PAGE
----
According to an FBI statement released at the time of Abrahams' arrest in September: The sextortion investigation began around March 2013 and continued for several months as multiple victims’ online accounts were compromised, or hacked, by an individual later identified as Abrahams.
According to the complaint, Abrahams used malicious software and tools to disguise his identity in order to capture nude photos or videos of female victims through remote operation of their webcams without their consent.
Abrahams contacted some victims using email accounts he had taken over, in some cases.
He is due to be sentenced in March, when he faces a likely sentence of around two-and-a-half years imprisonment, but could potentially serve 11 years, according to a plea bargaining deal.
Using malware to infect personal computers before initiating sexual-related blackmail attempts has sadly become far from rare over recent years.
The consequences for victims can be harrowing, traumatic and (in isolated cases) has even led to a victim's suicide.
The complaint alleges Abrahams would generally attach victims’ photos to emails he sent them when he made extortionate demands.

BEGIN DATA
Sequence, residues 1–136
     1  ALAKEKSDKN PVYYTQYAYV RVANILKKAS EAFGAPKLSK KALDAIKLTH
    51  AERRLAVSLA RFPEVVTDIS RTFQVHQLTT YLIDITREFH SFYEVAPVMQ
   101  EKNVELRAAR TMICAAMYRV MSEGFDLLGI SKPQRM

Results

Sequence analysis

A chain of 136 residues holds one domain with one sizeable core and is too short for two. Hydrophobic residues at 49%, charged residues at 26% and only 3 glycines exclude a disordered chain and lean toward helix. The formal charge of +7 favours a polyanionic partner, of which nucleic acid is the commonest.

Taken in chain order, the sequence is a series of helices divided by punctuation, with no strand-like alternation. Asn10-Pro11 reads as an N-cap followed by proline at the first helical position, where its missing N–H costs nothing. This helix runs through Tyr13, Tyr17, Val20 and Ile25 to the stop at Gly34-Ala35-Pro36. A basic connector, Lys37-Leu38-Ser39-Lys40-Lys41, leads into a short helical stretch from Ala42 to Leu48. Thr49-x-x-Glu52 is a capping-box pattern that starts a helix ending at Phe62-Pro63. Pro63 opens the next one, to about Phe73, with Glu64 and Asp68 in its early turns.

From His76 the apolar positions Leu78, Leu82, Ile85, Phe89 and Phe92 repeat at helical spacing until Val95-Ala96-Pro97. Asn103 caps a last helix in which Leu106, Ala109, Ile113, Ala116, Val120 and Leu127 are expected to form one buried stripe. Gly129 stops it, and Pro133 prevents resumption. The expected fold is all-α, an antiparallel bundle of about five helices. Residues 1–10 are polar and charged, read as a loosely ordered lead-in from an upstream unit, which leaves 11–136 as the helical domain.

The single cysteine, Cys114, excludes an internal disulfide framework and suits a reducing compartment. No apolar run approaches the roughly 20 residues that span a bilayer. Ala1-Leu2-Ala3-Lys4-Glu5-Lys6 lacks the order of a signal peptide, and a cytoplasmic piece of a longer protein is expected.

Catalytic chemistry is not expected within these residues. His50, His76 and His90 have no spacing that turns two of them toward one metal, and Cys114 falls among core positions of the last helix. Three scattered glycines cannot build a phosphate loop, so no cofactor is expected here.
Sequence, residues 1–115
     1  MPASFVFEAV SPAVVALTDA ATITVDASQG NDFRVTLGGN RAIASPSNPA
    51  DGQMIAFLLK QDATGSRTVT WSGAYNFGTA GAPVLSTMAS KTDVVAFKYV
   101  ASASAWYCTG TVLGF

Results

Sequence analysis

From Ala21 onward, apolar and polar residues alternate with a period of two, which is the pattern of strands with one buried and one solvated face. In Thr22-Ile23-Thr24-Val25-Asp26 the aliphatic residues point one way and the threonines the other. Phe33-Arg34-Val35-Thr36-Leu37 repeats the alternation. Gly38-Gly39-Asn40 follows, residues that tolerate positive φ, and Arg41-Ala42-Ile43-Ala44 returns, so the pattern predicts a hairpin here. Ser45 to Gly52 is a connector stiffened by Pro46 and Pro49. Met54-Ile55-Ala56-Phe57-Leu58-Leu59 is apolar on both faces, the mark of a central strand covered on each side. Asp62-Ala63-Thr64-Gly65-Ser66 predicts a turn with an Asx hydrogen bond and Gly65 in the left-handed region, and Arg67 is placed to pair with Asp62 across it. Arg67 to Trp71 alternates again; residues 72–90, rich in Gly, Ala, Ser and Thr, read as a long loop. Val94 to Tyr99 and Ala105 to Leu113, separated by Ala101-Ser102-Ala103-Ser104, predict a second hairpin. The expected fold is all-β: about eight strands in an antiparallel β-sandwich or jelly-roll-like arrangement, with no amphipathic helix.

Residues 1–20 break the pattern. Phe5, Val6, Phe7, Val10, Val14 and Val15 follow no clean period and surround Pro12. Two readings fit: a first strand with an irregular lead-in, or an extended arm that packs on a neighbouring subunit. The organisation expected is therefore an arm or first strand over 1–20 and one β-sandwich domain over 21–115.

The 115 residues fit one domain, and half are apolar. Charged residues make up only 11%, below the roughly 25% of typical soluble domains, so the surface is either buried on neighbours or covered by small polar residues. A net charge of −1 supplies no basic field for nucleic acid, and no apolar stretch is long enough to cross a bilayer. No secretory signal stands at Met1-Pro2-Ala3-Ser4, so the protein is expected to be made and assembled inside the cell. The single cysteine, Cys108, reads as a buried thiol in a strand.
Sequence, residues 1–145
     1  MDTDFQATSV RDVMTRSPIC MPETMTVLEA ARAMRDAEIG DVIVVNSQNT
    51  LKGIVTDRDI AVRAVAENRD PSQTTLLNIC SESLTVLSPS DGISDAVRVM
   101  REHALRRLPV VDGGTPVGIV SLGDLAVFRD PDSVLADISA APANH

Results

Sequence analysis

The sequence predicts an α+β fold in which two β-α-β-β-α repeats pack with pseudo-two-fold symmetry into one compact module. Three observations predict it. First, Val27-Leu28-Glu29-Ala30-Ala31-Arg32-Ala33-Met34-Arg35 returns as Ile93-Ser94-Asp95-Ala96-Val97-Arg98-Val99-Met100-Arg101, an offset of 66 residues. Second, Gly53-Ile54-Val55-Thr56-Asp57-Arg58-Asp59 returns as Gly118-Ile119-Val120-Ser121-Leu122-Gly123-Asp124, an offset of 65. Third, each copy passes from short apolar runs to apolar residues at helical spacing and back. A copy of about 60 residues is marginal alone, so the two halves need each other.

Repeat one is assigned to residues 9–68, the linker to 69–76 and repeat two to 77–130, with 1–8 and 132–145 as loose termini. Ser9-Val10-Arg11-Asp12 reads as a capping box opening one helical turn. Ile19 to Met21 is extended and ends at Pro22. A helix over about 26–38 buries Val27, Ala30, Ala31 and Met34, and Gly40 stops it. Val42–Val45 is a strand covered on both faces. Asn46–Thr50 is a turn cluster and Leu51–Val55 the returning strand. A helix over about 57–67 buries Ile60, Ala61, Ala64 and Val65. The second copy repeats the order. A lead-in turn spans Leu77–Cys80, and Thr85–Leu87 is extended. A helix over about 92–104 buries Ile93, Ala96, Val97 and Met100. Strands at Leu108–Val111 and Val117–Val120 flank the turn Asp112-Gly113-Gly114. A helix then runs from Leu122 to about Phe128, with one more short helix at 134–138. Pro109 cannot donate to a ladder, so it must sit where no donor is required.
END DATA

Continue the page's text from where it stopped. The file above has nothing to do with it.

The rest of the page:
Abrahams threatened to publicly post compromising photos or video to the victims’ online social media accounts unless the victim either sent nude photos or videos or engaged in a Skype session with him and did what he said for five minutes, according to the complaint.
At least two victims complied with his demands, authorities said in court records.
Abrahams has pleaded guilty to three counts of extortion and one count of unauthorised access of a computer.
A teenage computer science student from California faces a possible prison sentence after pleading guilty to hacking into the webcams of young women, among them Miss Teen USA, Cassidy Wolf.
Jared James Abrahams, 19, of Temecula in California, admitted to hacking into the computers of at least two dozen women including Wolf before covertly taking pictures of them in various states of undress using computer webcams.